American Primitive Paperback – Apr 30 1983
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Inside This Book(Learn More)
When the blackberries hang swollen in the woods, in the brambles nobody owns, I spend all day among the high branches, reaching my ripped arms, thinking of nothing, cramming the black honey of summer into my mouth; all day my body accepts what it is. Read the first page
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Top Customer Reviews
Someone said, very appropriately so, that Oliver's poems may have the less humans in them than any contemporary poet's body of work, yet in the case of this magnificent book, two of its most stunning choices -"John Chapman" and "The Lost Children"- has Oliver bring the same keen compassion and awe for the tragic and the gracious in being our kind, that she does when speaking of foxes, mushrooms, or crows and owls.
"John Chapman," for instance, contains some of the wisest lines about being one of us, humans, that you will find in American poetry. Chapman was the real John Appleseed who "thought little, / on a rainy night, / of sharing the shelter of a hollow log touching / flesh with any creatures there" and, yet, as a woman in the poems recalls "he spoke / only once of women and his gray eyes / brittled into ice. "Some / are deceivers," he whispered, and she felt / the pain of it, remembered it / into her old age."
I wonder if Oliver chose him because he lived his life during those times when this country was learning to be this country -and perhaps because of it- we were, for the last time, as close as a species to the rest of nature as we ever had.
"The Lost Children" is also about those times too, yet about those of one kind taken by those who were the natives to this land.Read more ›
And "American Primitive" does indeed strike me as a unified whole. It consists mostly of poems about American wildlife, with some poems that touch on people in United States history. The poems are often about the cycles of life, including birth, death, and loss. In some poems eating becomes a transcendent act that points to the connectedness of all life.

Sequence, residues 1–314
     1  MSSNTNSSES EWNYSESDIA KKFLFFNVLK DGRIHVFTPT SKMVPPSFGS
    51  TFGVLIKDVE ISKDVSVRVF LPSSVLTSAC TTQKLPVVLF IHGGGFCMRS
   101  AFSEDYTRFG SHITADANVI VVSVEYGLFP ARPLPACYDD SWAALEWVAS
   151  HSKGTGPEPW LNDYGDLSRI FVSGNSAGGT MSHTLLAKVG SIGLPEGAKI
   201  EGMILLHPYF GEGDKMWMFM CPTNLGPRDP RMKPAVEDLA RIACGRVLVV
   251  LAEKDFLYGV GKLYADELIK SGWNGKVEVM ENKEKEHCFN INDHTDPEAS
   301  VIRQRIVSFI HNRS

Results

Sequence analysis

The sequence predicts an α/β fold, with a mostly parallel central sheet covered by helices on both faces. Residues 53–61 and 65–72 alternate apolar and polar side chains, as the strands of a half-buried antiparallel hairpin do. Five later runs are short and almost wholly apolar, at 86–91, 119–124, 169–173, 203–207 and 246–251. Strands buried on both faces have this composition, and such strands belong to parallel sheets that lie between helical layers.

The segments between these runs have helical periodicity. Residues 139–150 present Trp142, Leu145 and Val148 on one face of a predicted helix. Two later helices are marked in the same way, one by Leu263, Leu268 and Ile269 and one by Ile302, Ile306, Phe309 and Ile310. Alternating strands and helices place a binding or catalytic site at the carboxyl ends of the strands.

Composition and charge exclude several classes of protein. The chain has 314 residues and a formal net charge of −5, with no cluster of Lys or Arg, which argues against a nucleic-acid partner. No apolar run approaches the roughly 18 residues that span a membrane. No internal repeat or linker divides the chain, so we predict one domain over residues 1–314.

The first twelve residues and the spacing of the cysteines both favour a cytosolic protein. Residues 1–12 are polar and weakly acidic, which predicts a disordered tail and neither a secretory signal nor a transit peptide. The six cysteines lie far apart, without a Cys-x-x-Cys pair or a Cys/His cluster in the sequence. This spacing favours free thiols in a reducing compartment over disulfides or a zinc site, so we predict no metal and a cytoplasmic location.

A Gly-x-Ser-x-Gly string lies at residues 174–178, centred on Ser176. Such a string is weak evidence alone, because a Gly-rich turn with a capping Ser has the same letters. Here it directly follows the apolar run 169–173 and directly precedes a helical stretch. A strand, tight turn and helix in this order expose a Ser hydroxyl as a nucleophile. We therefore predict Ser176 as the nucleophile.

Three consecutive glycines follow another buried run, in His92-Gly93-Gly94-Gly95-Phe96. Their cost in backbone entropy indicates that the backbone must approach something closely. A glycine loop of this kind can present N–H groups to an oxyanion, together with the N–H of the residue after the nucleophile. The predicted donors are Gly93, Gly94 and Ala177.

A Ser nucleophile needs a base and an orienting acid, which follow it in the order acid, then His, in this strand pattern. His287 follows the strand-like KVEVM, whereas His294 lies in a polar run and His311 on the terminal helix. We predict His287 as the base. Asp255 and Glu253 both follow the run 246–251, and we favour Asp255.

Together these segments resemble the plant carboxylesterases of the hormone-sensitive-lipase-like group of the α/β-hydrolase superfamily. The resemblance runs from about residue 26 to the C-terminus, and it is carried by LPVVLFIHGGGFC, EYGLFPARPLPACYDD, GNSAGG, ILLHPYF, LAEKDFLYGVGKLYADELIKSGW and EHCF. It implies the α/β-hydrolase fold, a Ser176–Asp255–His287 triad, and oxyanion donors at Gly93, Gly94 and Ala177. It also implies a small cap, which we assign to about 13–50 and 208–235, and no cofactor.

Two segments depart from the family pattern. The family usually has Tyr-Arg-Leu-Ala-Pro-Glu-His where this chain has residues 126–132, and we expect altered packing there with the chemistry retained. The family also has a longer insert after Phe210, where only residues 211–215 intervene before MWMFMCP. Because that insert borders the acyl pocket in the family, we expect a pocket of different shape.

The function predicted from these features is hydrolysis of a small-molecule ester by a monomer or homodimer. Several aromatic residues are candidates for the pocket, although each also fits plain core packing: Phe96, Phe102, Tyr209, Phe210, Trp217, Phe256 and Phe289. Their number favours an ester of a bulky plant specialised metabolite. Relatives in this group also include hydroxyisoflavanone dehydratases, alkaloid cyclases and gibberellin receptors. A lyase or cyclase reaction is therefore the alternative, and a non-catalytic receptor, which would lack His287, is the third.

Oliver writes about mushrooms, blackberries, crows, egrets, deer, snakes, whales, and other living things. She also writes about such natural phenomena as snow and sunlight. Her language is often striking and sensuous. I love the lines from "Spring" where she says "The rain / rubs its shining hands all over me." With her attentiveness to the natural world, Oliver reminded me somewhat of Walt Whitman and Emily Dickinson, but she really has a voice and vision all her own in "American Primitive."
The fact that this received a Pulitzer says less about the work and more about the sheer lack of discerning taste on the part of the Pulitzer committee.
Most recent customer reviews
Beautiful. A great place to start if a reader has not read Oliver before. Not to be missed.Published on Feb. 11 2004
This book humbles me. I have been writing poetry for many years, and I'm an avid reader of poetry. I am amazed by the level and awareness Mary Oliver brings to the surface of human... Read morePublished on March 31 2000 by R. Frost
Very powerful use of language,...in a subtle way. The use of image-metaphor to our state of "being" is awesome. Mary Oliver is a brilliant author. Read morePublished on March 28 2000 by kdenzer
A wonderful book that moves me everytime I read it. It is a book that explores the natural world and how nature merges with our own internal landscapes. An important book!Published on March 23 2000 by Michael Spring
If you're idea of naturalism is wearing Birkenstock sandals, talking about "animal nature in the eyes of wolves" while sipping overpriced twig tea from your local health... Read morePublished on Sept. 20 1999
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